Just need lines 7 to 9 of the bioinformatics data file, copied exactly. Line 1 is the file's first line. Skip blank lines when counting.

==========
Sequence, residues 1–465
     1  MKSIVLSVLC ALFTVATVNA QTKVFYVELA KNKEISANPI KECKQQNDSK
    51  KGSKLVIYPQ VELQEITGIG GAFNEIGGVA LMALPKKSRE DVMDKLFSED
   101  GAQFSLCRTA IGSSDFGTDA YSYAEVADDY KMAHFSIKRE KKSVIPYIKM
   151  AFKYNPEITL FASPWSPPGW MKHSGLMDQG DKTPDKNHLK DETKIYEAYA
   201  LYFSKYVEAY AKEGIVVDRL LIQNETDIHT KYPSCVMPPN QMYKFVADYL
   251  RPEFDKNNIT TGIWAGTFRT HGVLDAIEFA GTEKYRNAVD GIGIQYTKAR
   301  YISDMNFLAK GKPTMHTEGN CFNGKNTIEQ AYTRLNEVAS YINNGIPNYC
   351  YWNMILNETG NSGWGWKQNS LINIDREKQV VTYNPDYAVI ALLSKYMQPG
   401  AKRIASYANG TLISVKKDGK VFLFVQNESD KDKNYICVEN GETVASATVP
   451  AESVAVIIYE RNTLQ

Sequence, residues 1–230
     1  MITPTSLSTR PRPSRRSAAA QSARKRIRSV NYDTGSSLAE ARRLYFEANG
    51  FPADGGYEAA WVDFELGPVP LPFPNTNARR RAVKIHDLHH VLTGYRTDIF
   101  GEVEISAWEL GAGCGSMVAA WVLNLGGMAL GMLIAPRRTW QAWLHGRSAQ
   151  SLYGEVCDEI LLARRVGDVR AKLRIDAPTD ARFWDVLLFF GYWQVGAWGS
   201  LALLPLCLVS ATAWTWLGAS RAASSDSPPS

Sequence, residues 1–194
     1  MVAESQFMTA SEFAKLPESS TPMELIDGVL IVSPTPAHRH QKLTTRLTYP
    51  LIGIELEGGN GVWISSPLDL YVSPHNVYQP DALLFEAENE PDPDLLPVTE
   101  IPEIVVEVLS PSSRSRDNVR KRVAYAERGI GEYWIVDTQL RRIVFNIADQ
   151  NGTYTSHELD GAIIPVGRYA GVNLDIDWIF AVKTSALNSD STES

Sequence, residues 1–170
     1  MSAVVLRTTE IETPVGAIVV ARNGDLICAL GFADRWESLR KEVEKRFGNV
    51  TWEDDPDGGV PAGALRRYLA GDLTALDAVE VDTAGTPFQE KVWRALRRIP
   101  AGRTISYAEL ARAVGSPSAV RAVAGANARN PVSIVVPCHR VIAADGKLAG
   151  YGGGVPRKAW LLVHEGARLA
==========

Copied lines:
   251  RPEFDKNNIT TGIWAGTFRT HGVLDAIEFA GTEKYRNAVD GIGIQYTKAR
   301  YISDMNFLAK GKPTMHTEGN CFNGKNTIEQ AYTRLNEVAS YINNGIPNYC
   351  YWNMILNETG NSGWGWKQNS LINIDREKQV VTYNPDYAVI ALLSKYMQPG